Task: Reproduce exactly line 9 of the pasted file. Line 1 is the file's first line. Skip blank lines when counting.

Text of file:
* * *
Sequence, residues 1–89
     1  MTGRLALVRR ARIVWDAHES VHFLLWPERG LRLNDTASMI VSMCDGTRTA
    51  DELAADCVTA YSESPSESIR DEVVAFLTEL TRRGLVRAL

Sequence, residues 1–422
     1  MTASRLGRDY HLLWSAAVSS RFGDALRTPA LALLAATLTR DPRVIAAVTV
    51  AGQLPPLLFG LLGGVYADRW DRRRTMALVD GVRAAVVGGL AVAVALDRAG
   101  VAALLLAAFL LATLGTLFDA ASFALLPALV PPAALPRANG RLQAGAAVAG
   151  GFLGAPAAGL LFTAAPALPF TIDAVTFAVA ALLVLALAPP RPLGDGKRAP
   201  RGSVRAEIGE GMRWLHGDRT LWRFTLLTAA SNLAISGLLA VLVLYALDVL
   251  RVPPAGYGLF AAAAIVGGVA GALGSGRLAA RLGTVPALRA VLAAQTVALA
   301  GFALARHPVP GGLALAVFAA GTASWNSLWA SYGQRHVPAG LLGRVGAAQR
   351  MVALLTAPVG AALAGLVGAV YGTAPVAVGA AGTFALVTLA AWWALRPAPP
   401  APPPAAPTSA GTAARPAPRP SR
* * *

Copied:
   201  RGSVRAEIGE GMRWLHGDRT LWRFTLLTAA SNLAISGLLA VLVLYALDVL